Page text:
Non-taxable Disposals

Non-taxable disposal material must be kept in a physically separate area to taxable disposals, and clearly identified. These are known as ‘information areas’ and more than one may be required to contain distinct types of non-taxable disposals.

Keeping records of Landfill activity

Detailed records must be maintained recording the liability in respect of each transaction to include:

  • quarterly summaries of tax due,
  • details of all information areas,
  • any credits for material removed from site,
  • all credit and debit notes,
  • invoices issued and received,
  • bad debt.

Compliance and Enforcement

HMRC conducts Compliance Checks where it suspects records are not being maintained or accounted for. Any amount not accounted for will be required to be paid, with a substantial penalty.

Where HMRC suspects fraud, it will investigate and, if necessary, issue criminal proceedings. A conviction may result in an unlimited fine, imprisonment for seven years or both. HMRC can also issue civil penalties against those who have not fully complied with their obligations.

How Can We Help?

It is essential that those operating landfill sites review their tax obligations and the distinct position of their operation. As mentioned above, the tax system regulating landfill sites is extremely complicated and difficult to navigate. HMRC interprets the compliance requirements extremely strictly.

The accomplished tax team at KANGS specialise in providing expert guidance and support to clients in challenging tax assessments, navigating any type of Tax Tribunal, and defending HMRC investigations, be it civil or criminal in nature. Should you require our assistance, please contact using the details below.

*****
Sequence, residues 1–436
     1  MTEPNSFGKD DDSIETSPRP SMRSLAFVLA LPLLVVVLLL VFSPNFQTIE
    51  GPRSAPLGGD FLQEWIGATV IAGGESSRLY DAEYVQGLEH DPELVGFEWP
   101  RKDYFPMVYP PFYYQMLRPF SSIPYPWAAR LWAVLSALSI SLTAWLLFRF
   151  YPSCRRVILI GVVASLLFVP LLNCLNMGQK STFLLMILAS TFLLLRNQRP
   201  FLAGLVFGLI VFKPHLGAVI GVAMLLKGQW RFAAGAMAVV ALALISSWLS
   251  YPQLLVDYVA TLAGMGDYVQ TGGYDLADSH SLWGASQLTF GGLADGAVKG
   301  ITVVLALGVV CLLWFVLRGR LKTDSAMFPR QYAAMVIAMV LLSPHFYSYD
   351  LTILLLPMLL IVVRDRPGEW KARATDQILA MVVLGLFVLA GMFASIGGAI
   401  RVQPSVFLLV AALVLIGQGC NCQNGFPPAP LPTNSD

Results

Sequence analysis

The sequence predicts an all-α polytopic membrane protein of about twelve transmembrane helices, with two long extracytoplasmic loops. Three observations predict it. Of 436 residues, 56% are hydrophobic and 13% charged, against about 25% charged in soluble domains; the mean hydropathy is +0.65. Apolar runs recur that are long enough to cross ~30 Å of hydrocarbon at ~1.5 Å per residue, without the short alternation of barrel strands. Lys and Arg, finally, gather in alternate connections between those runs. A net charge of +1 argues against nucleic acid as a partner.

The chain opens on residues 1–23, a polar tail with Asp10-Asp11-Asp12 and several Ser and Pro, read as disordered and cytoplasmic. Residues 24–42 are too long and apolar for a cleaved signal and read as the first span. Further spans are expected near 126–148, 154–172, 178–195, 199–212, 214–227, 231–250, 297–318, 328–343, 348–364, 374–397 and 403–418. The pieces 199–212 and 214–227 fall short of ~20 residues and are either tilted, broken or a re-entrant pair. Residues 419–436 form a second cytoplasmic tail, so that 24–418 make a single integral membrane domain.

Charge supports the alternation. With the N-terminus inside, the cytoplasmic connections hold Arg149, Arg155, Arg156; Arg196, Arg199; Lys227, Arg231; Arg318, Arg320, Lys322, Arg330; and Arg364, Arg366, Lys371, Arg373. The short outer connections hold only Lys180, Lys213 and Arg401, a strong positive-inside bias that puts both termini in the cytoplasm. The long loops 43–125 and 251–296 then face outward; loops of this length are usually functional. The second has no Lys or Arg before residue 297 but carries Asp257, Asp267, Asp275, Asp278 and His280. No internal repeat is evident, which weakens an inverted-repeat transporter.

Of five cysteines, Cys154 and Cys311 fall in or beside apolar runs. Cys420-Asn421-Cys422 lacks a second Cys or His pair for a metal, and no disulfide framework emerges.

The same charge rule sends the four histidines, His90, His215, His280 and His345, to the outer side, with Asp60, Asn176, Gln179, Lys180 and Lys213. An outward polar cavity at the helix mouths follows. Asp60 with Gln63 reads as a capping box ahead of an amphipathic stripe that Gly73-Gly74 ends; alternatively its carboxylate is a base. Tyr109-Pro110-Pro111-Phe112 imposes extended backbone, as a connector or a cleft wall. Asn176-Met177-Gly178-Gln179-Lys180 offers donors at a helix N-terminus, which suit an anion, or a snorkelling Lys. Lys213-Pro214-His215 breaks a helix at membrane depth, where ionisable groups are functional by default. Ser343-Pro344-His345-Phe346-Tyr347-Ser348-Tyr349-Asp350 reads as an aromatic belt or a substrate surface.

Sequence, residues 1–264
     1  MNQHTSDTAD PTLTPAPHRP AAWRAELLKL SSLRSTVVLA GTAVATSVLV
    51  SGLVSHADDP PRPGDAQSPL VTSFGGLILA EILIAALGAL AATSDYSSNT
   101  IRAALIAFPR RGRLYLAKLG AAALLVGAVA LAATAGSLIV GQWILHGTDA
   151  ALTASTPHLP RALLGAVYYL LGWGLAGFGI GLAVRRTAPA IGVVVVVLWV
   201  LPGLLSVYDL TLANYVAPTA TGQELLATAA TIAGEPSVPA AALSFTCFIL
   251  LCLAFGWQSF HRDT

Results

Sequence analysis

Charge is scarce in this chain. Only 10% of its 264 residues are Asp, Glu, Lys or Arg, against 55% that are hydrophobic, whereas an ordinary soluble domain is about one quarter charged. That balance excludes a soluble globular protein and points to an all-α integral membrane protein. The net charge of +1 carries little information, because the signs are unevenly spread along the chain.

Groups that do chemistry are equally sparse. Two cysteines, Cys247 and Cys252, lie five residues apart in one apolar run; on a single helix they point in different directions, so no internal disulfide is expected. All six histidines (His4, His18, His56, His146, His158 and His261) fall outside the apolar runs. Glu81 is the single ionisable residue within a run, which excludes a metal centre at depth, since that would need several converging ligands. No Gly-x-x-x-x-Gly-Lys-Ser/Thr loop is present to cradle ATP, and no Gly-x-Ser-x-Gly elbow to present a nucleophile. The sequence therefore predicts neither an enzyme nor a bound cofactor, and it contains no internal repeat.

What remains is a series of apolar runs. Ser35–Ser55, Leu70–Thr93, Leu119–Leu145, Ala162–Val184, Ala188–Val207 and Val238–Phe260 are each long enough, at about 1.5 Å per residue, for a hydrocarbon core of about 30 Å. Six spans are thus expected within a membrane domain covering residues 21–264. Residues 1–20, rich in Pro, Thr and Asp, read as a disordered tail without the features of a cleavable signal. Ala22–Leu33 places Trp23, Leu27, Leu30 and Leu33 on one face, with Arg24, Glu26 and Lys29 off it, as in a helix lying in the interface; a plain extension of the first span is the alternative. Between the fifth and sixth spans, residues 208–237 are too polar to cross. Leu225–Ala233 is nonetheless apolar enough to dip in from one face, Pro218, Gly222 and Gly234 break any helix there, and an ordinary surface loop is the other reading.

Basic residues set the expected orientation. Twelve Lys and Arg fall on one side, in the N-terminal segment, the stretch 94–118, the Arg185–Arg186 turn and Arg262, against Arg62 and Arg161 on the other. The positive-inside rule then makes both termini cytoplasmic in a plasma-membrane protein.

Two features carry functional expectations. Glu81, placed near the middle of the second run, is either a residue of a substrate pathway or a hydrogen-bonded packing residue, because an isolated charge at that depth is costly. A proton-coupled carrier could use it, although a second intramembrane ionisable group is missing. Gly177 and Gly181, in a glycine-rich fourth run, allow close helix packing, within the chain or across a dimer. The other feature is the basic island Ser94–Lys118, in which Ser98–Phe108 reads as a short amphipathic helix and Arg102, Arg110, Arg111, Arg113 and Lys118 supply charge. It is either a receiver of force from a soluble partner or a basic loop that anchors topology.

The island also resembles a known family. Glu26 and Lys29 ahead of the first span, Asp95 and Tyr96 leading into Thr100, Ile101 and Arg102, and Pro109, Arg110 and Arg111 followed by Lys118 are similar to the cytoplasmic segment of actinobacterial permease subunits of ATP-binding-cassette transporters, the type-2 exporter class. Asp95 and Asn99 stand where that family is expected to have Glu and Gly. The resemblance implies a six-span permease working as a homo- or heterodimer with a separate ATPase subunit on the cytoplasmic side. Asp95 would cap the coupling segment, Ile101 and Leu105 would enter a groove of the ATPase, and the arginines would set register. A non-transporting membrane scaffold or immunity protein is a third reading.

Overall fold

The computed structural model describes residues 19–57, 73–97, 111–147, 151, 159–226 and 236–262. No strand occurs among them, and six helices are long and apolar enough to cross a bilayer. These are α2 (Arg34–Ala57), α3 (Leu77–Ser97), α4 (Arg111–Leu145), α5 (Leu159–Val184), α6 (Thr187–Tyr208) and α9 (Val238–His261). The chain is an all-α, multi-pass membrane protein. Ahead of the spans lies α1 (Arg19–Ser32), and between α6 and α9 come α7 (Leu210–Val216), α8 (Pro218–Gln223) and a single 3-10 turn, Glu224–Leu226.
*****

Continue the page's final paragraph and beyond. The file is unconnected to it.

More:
Tel:      0333 370 4333
Email: info@kangssolicitors.co.uk

We provide an initial no obligation consultation from our offices in London, Birmingham, and Manchester. Alternatively, we provide initial consultations by telephone or video.

Hamraj Kang

Hamraj Kang
Senior Partner

Email Phone Mobile
Tim Thompson

Tim Thompson

Email Phone
John Veale

John Veale

Email Phone
Serious Fraud, Tax & HMRC
The HMRC's Let Property Campaign offers landlords renting out residential property in the UK and abroad a chance to settle their tax obligations, getting what HMRC describes as "the best possible terms." This is not unusual, HMRC regularly run ‘Campaigns’ targeting specific areas where it suspects that income is not being declared as required. In […]
Tax & HMRC
We conduct many VAT Appeal cases on behalf of Taxpayers in the First-tier Tax Tribunal (FTT) arising from the fact that HMRC has denied a trader the right to deduct input tax claimed on some of its supplier invoices. The usual basis for this as far as HMRC is concerned is that the trader either […]
Commercial Disputes, Tax & HMRC
A tax gross up clause is a provision in contracts or agreements that ensures an individual or entity receives an amount after taxes equivalent to what they would have received if no taxes were imposed. The purpose of the tax gross up clause is to protect the recipient from the financial impact of tax liabilities […]

Get in touch

Need legal assistance? Contact our experienced team for prompt and professional support.
Old map of Birmingham